Highlights from across Canada:

  • British Columbia: Affordability hurdles still tough to clear
    British Columbia's housing market experienced improvements in the third quarter of 2012, and yet, affordability conditions remained the poorest across Canada. RBC measures fell between 2.0 percentage points and 3.7 percentage points, the largest drops across Canada. The situation remains less severe elsewhere in the province; the share of income needed to carry ownership costs in Victoria, for instance, is almost half the share in Vancouver for some housing types.

  • Alberta: Attractive affordability contributes to market renaissance
    Alberta's housing market enjoyed firm and steady resale activity, balanced demand-supply conditions, moderate home price increases, and improved housing affordability. Third quarter affordability measures for the province edged lower - between 0.2 percentage points and 0.4 percentage points -remaining below their long-term and the national averages.

  • Saskatchewan: Little evidence of affordability strain
    Significant deteriorations in housing affordability in the second quarter in Saskatchewan were largely reversed in the third with RBC measures in the province falling between 0.9 percentage points and 1.3 percentage points. The measures stood just slightly above their long term averages for all housing categories, indicating little in the way of undue affordability induced strain on the market.

  • Manitoba: Market losing some of its steam; minimal pressure on affordability
    Declining housing prices spurred a notable improvement in housing affordability in Manitoba over the third quarter. RBC measures fell between 0.6 percentage points and 1.6 percentage points, which fully unwound the deterioration that occurred in the prior quarter. Provincial affordability levels sit slightly higher than their averages since the mid 1980s, but remain well below the corresponding national averages.

  • Ontario: More balanced conditions help to ease affordability stress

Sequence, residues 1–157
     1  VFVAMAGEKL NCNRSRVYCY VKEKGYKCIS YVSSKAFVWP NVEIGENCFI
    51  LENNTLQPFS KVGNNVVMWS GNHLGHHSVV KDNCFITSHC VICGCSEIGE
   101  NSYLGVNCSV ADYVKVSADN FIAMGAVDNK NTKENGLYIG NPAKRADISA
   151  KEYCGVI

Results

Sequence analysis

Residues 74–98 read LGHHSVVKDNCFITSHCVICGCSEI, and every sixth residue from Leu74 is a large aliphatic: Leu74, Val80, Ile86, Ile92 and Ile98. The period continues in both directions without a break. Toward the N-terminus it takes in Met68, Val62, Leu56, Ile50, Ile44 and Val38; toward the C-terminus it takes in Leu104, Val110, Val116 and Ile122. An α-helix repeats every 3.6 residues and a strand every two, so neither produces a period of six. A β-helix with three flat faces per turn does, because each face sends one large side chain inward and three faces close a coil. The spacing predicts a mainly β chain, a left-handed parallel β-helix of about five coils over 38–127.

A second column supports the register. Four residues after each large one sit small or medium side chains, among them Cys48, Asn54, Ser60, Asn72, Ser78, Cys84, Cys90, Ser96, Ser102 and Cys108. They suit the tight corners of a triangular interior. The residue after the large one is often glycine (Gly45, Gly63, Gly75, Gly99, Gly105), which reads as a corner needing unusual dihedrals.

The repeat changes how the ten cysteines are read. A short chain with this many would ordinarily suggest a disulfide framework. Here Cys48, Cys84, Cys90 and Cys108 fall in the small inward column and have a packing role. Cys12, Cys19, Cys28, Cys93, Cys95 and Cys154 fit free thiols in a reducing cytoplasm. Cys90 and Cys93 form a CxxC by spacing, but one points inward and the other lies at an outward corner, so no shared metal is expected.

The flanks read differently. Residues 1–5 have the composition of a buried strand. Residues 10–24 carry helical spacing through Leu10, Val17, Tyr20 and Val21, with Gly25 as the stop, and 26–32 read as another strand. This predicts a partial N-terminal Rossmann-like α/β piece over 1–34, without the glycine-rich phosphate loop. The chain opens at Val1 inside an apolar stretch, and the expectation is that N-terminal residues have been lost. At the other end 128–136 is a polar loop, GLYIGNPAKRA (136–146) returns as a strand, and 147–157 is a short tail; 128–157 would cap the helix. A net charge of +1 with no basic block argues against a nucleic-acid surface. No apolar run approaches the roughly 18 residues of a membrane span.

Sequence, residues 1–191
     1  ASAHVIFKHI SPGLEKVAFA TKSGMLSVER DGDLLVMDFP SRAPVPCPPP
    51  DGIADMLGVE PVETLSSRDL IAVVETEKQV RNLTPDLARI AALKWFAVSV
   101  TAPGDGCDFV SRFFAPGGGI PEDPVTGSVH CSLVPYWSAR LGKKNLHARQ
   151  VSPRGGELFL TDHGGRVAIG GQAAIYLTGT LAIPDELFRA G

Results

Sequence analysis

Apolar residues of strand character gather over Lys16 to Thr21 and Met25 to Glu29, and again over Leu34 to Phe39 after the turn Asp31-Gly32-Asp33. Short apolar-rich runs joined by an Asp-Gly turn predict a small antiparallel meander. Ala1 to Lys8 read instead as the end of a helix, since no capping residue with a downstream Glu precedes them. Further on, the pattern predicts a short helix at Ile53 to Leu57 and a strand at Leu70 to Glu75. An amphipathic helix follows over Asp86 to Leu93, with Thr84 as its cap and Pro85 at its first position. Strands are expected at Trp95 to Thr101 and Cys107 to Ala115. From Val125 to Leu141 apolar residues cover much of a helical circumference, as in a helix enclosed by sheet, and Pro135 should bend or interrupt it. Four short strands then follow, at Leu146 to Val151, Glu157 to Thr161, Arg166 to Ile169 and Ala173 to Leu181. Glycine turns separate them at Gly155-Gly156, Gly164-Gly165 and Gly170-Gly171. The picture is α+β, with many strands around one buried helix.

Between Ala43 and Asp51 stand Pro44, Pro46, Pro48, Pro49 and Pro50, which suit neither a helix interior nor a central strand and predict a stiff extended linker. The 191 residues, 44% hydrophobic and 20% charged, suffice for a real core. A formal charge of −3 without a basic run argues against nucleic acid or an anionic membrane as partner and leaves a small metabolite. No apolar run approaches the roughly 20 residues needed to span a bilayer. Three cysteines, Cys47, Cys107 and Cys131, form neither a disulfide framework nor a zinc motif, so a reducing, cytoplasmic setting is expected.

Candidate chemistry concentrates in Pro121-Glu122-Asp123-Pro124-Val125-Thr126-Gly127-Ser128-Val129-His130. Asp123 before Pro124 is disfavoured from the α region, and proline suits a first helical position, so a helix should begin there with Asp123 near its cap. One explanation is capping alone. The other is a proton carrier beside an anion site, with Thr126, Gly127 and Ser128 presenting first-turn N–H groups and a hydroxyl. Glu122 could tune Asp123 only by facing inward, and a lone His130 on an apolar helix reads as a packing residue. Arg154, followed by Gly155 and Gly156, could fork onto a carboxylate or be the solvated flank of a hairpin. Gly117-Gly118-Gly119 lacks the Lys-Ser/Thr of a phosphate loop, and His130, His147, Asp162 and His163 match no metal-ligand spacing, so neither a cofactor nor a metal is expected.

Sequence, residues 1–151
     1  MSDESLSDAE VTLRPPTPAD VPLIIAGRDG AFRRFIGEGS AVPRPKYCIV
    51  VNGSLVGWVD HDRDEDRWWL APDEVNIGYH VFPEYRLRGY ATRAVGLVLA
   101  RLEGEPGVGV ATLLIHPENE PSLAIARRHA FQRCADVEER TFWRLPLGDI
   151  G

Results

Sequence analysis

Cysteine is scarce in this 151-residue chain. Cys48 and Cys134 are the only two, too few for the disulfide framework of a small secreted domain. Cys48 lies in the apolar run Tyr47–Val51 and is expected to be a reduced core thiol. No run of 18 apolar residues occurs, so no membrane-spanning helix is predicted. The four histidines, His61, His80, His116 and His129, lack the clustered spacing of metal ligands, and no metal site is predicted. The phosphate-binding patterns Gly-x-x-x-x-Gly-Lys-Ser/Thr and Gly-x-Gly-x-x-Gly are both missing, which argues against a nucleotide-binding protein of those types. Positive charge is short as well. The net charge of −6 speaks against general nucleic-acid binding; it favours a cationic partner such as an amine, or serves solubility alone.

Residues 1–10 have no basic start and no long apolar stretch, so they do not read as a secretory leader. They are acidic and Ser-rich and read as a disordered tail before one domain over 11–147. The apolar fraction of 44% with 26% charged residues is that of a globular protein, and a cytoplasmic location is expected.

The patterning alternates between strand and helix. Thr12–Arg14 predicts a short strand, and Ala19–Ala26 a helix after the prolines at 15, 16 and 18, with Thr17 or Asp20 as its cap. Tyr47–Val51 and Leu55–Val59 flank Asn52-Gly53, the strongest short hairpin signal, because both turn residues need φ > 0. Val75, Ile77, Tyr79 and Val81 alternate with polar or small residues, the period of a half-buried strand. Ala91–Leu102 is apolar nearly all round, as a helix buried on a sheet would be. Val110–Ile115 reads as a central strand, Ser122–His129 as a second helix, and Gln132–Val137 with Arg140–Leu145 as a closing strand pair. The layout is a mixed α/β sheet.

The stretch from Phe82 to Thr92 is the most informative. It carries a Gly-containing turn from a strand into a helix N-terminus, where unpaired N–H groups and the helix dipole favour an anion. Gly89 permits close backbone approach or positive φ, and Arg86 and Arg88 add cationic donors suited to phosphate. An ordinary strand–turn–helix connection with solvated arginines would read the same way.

Ontario's housing affordability eased somewhat in the third quarter, but remains under mild pressure, most notably in the two-storey home segment. RBC measures declined between 0.5 percentage points and 1.1 percentage points in the province, which, in effect, rolled back the two consecutive quarterly increases that took place in the first half of this year.

  • Quebec: Second straight affordability improvement
    Housing affordability improved for the second straight quarter in Quebec, with RBC's measures edging lower across all housing types in the province, between 0.6 percentage points and 0.8 percentage points, in the third quarter. For the most part, levels are only slightly worse than the average historical level, indicating that prospective homebuyers in Quebec may feel minimally stretched budget-wise, if they bought a home at current market prices.

  • Atlantic: Affordability position remaining quite stable
    Housing affordability in Atlantic Canada improved slightly across the board, with RBC measures in the region inching lower by 0.2 percentage points to 0.7 percentage points relative to the previous quarter. Affordability measures have been reasonably stable over the past three years in the region, showing no discernable trends on either the up or down sides.

The full RBC Housing Trends and Affordability report is available online, as of 7 a.m. ET today, at

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For more information, please contact:

Craig Wright, Senior Vice-President and Chief Economist,
RBC, 416 974-7457

Robert Hogue, Senior Economist, RBC Economics Research,
416 974-6192

Elyse Lalonde, Manager, Corporate Communications,
RBC Capital Markets, 416 842-5635